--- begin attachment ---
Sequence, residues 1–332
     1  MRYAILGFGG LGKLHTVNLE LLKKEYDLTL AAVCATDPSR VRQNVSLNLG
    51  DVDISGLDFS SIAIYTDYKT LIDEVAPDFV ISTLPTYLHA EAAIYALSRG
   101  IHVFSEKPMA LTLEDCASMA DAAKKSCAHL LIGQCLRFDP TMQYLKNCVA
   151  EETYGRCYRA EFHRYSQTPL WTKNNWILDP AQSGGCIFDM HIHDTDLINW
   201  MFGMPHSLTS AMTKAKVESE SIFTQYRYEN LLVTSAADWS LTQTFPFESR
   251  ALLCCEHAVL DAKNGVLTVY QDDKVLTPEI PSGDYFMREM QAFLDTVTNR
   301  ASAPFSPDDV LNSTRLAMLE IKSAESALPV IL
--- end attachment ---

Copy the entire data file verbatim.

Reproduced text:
Sequence, residues 1–332
     1  MRYAILGFGG LGKLHTVNLE LLKKEYDLTL AAVCATDPSR VRQNVSLNLG
    51  DVDISGLDFS SIAIYTDYKT LIDEVAPDFV ISTLPTYLHA EAAIYALSRG
   101  IHVFSEKPMA LTLEDCASMA DAAKKSCAHL LIGQCLRFDP TMQYLKNCVA
   151  EETYGRCYRA EFHRYSQTPL WTKNNWILDP AQSGGCIFDM HIHDTDLINW
   201  MFGMPHSLTS AMTKAKVESE SIFTQYRYEN LLVTSAADWS LTQTFPFESR
   251  ALLCCEHAVL DAKNGVLTVY QDDKVLTPEI PSGDYFMREM QAFLDTVTNR
   301  ASAPFSPDDV LNSTRLAMLE IKSAESALPV IL